The must read and most talked about stories in health from Thursday
- Today’s must know: Southern Health to be split up but chief executive stays on
- Today’s talking point: Department of Health shake-up revealed
- Today’s risk: Teaching hospital pleas for any junior doctors to help staff A&E
Shake-up at Southern Health
Mr Smart, the former chief executive of King’s College Hospital Foundation Trust, was parachuted into the troubled trust at the end of April.
Southern Health has been an embattled organisation since the publication of last year’s Mazars report, which highlighted failures by the trust to investigate and learn from patient deaths.
Mr Smart concluded that while the trust’s board “should have acted in a more united way”, there was “no evidence of negligence or incompetence by any individual board member”.
Crucially, the trust’s chief executive, Katrina Percy, will be staying on.
However, Mr Smart said that she had in the past been “too operationally focused” and would now be concentrating on “delivery of the future strategy of the trust”.
The decision for Ms Percy to remain did not go down well with a number of HSJ readers. One commenter asked whether she was “the new Jeremy Corbyn of the NHS”, in reference to the Labour leader’s marked reluctance to stand down in the wake of the EU referendum result.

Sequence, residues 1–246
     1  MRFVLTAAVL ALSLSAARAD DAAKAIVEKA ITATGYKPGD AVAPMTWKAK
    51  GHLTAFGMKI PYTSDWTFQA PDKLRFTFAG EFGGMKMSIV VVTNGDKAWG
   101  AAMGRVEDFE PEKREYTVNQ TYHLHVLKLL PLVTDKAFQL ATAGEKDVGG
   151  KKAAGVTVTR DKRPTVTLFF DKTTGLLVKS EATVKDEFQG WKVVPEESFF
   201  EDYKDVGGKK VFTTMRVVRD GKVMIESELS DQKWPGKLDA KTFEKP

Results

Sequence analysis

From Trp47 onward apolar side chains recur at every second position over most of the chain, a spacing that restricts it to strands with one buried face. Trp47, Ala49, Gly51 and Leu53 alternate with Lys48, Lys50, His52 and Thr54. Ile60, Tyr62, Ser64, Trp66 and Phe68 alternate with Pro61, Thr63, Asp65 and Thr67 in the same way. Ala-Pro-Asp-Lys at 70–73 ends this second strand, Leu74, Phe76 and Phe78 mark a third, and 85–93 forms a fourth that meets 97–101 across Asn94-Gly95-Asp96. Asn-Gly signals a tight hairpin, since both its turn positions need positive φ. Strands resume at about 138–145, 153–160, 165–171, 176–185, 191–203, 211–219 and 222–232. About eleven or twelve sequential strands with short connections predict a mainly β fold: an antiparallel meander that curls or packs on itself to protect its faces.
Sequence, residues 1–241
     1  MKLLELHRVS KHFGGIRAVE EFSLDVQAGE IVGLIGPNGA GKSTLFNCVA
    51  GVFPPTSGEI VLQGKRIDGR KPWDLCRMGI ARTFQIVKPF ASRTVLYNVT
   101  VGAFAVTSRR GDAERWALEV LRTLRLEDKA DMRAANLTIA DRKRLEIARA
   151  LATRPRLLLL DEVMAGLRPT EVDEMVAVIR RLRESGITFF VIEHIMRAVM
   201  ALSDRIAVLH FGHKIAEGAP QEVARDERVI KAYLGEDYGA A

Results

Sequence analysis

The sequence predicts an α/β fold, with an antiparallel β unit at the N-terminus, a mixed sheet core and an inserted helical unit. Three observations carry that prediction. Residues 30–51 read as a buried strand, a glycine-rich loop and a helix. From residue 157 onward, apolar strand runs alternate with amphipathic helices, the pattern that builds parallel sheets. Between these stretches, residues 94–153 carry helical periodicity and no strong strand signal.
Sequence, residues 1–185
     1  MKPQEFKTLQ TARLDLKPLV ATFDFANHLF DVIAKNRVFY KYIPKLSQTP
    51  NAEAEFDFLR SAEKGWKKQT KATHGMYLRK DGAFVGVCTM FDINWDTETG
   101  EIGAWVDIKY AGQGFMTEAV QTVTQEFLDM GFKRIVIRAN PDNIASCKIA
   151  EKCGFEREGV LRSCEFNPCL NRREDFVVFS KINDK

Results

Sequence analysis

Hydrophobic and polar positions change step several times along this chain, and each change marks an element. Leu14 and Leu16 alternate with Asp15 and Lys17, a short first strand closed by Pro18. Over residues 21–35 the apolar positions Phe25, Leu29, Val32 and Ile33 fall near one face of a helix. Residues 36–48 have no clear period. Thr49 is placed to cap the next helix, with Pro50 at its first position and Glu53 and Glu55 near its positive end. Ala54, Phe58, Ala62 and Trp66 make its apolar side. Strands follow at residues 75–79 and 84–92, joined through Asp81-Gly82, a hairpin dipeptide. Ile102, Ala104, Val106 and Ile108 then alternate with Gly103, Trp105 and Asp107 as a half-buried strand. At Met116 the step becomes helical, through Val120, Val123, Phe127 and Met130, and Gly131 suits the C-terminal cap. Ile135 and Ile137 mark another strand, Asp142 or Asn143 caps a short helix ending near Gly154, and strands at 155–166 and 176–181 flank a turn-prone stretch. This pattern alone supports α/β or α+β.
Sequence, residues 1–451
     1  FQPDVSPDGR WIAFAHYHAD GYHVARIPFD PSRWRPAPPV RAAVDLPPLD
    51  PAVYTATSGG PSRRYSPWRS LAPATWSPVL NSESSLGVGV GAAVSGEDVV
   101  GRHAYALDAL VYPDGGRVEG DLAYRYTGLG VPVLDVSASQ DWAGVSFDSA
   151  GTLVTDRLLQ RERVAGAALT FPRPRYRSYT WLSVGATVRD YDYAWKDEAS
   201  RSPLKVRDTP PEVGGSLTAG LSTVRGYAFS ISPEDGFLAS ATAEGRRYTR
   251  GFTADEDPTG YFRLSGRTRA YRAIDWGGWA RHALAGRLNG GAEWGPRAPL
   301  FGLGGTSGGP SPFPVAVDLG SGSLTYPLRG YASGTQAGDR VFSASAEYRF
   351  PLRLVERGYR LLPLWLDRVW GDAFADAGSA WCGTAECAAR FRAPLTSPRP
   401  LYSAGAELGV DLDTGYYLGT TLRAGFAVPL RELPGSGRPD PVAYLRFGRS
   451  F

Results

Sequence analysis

Perhaps of longer term significance to Southern Health is the service changes which will now take place.
This will start with Southern Health transferring its learning disability services to Oxford Health Foundation Trust, but Mr Smart said “other changes will occur”.
The trust is therefore facing another wave of organisational upheaval – it was created by bolting together various services in 2011 and 2012.
As these are restructured, the most important thing will be to ensure that patients and service users do not fall through the gaps.
DH’s new look
The Department of Health has reorganised its directorate structure, HSJ broke on Wednesday night.
It will no longer have separate directorates for digital, technology, local government and social care. Instead, from Friday, they will form a single new community care directorate.
The changes are part of the department’s cost cutting drive aimed at reducing running costs by 30 per cent by 2020 and losing up to 700 posts.
The four new directorates are:
- Global and public health.
- Community care, led by Tamara Finkelstein.
- Acute care and workforce, led by Charlie Massey.
- Finance and group operations, led by David Williams.
Big step towards Calderstones closure
HSJ revealed on Thursday afternoon that regulators have approved the acquisition of England’s last standalone learning disability hospital trust, paving the way for its closure.
Mersey Care Foundation Trust will take control of the Calderstones Partnership Foundation Trust, which runs the 223-bed Calderstones Hospital in Lancashire
Last year, NHS England announced Calderstones’ main hospital site in East Lancashire was to close within three years, as part of its drive to substantially reduce the number of people with learning disabilities and autism in inpatient care.